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How to be a trade show cheap-ass without looking like one

Exhibiting at trade shows can help to generate qualified leads that turn into new sales. However, the costs associated with exhibiting are numerous and can overwhelm your marketing budget. We have some suggestions that can help you keep the budget under control.


It’s all in your head.

Put yourself into the proper mindset for budgeting. Some folks won’t set foot in a grocery store without at least one coupon. Some people do their research before making a purchase. You need to start thinking like them. List all aspects of the show that require money. (Hint: Just about everything!) Our Trade Show Checklist is a good place to start. Learn about them. Research them. Ask the show organizer questions. Learn what options you have for each category. Select what will bring you the best value. For example, you have the option of shipping your display to the advance warehouse weeks before the show, or directly to the show at move-in time. If you plan ahead and have it ready, you’ll often save more by using the advance warehouse option


Early bird catches the worm.

Continuing that thought, take advantage of early bird discounts. The show organizers usually offer deadline dates for discounted pricing on electrical, rigging, drayage and other booth services.  These discounts can add up to a significant savings on your overall budget.


To buy or not to buy.

If your company rarely exhibits, is thinking about revamping the entire exhibiting process, or is new to exhibiting at trade shows, a rental display might be the best option for you. It gives you the chance to take a display for a test drive to see if it will work for you long-term. Renting also lowers upfront costs versus owning your exhibit.  You don’t pay for storage, maintenance, pull and prep, or refurbishment when you rent. Note: You do, however, have to purchase the graphics, so it pays to rent the same setup more than once.



Someone to watch over me.

Ask your display provider to quote an onsite supervisor. Experienced supervisors can lower labor costs by reducing setup time and minimizing onsite mistakes. If you have issues on the show floor, the supervisor has the ability to act quickly and solve problems. Let’s say one of your graphics was ruined in transit. Sure, you can get a replacement printed at show services, but is it going to cost you. Your supervisor can explore other options for you.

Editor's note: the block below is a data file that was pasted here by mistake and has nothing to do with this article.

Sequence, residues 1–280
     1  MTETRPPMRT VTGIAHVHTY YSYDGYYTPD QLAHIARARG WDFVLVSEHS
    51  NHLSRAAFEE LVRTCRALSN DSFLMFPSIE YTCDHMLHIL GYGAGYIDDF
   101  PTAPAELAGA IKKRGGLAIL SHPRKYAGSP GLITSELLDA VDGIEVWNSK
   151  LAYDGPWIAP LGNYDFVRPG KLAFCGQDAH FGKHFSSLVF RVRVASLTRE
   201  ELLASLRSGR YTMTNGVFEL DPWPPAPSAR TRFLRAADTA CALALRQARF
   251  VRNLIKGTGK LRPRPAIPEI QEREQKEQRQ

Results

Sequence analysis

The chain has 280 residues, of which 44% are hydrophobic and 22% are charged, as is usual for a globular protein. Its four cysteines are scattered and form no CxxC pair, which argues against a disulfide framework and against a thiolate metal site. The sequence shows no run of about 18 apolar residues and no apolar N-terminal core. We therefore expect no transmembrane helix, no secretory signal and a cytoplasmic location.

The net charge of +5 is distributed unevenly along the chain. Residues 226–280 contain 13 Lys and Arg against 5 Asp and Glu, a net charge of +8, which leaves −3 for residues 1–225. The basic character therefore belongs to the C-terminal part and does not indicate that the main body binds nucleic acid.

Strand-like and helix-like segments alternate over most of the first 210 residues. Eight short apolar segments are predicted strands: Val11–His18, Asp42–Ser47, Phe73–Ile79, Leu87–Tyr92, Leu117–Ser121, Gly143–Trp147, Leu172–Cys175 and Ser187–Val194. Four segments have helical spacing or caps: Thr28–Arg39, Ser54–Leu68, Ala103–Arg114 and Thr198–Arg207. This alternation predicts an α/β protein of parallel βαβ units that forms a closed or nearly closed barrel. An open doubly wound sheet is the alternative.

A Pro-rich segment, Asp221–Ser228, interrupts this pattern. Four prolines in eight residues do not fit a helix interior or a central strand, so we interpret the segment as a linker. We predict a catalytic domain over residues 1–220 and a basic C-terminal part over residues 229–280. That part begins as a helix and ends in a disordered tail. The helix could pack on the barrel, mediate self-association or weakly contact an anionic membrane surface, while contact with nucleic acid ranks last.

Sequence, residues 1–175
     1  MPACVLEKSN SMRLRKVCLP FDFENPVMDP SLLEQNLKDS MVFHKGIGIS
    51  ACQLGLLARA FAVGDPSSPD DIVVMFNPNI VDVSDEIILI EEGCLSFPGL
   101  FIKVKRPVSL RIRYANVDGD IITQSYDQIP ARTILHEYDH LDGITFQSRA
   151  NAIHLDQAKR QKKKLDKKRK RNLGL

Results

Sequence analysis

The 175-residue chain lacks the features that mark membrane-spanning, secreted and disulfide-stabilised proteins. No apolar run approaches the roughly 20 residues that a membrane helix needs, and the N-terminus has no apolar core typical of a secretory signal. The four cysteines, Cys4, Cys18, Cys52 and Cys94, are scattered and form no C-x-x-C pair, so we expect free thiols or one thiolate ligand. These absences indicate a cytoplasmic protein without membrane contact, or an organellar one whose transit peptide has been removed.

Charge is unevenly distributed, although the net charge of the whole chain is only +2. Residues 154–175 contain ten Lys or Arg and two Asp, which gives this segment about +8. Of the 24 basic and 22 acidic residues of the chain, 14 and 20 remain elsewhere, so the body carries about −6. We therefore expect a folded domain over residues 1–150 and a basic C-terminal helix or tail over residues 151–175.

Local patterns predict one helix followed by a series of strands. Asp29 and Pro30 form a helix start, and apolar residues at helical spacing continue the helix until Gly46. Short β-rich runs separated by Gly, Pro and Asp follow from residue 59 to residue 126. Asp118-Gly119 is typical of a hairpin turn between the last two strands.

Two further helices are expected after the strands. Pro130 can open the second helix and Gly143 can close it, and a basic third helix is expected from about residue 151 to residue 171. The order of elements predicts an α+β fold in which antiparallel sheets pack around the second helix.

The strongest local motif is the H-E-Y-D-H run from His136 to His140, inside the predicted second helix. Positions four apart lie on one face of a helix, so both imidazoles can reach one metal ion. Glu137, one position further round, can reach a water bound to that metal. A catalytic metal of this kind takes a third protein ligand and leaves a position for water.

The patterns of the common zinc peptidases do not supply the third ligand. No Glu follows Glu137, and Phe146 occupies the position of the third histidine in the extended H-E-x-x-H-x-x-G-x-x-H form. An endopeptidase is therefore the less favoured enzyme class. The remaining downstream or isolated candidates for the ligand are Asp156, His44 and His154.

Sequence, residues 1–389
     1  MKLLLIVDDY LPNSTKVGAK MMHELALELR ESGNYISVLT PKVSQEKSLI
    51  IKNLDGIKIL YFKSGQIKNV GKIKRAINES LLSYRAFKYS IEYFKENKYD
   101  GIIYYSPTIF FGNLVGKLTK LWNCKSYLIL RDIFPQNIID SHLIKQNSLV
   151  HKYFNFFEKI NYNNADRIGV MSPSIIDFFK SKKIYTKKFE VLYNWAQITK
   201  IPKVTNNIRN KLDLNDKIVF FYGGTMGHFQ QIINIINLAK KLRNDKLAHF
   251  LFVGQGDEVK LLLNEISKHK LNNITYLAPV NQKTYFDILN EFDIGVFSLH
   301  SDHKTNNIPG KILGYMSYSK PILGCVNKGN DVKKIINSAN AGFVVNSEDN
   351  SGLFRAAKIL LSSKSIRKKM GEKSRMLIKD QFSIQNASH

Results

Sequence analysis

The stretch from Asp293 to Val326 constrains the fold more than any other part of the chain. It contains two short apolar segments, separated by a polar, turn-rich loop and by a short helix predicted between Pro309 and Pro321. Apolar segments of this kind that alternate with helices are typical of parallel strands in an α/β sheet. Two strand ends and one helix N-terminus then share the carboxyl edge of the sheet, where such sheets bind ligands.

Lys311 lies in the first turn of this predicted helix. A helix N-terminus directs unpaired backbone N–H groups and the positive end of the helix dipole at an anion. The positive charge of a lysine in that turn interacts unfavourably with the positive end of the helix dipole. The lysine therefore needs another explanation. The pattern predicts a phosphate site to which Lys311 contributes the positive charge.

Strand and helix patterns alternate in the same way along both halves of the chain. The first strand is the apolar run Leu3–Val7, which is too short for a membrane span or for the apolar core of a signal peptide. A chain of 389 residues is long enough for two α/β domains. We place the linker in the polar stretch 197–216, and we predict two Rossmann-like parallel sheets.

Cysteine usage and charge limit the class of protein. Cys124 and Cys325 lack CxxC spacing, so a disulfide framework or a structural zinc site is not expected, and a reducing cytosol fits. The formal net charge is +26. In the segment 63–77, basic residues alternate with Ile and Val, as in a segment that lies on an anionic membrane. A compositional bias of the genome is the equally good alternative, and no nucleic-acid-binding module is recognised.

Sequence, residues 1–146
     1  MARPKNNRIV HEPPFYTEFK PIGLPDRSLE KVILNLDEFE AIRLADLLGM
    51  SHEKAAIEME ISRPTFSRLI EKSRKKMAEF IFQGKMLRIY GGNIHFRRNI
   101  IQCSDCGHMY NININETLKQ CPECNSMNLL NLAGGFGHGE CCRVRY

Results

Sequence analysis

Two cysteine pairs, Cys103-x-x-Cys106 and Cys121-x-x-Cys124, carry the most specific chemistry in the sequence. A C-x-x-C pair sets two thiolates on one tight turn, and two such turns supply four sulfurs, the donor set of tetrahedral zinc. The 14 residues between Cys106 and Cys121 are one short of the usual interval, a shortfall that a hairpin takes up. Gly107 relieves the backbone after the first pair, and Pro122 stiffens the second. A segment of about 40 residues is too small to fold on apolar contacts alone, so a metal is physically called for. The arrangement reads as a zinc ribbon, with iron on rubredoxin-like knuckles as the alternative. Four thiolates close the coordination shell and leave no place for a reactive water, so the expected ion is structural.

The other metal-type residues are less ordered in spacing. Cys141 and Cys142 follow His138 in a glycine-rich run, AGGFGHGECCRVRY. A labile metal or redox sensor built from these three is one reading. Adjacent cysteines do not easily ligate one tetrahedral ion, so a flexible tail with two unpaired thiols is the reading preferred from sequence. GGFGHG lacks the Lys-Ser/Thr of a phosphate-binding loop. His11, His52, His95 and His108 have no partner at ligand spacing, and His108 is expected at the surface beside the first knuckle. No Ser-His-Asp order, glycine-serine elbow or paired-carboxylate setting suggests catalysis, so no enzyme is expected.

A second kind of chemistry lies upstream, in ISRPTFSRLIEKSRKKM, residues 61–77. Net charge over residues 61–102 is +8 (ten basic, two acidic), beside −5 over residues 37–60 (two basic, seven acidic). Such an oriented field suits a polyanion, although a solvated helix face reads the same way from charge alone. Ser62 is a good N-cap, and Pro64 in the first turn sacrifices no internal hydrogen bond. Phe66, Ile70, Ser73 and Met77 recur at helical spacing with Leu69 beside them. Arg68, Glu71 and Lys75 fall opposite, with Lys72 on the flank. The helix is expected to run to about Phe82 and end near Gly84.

doctor scale

Drop a few pounds.

We all know it costs more to ship a bowling ball than a baseball. It’s because of the weight. Consider using displays made of lighter materials, such as hollow tubular aluminum over steel or wood, and fabric graphics instead of PVC panels. Tension fabric is one of the most popular materials that help reduce shipping, labor and, of course, the insidious drayage costs.



Mind the details.

Conduct a pre-show inspection. Make sure that you and/or your display provider stages your displays, complete with graphics and lighting. This allows you to spot any mistakes, missing components or damage ahead of time, or to make adjustments to the layout. Also, go over your Trade Show Checklist to make sure you make all of your deadlines. The one thing you forgot to do may be the thing that breaks your budget.


Consider cost versus benefit.

No question that a hanging sign over your booth will help drive traffic to you. However, some trade show professionals forget how much it really costs. It isn’t a one-time expense– purchase, print, done. No way! You have to pay the expo labor to install and dismantle it– at every show. You have to pay for the rigging/forklift– at every show. You have to pay to ship it to and from the show– every time. Is it worth it? Or could you use those dollars for other ways to get attention, such as promotional giveaways or sponsorships?


One more thing…

Before you go running out of the convention center to catch a plane, double-check your billings. It isn’t unusual to find mistakes on the general contractor billings, which must be settled by the end of the show. Carefully review every item on the bill, and ask for backup on any questionable item. Once the show is over it is nearly impossible to dispute these charges.



About Joan Weis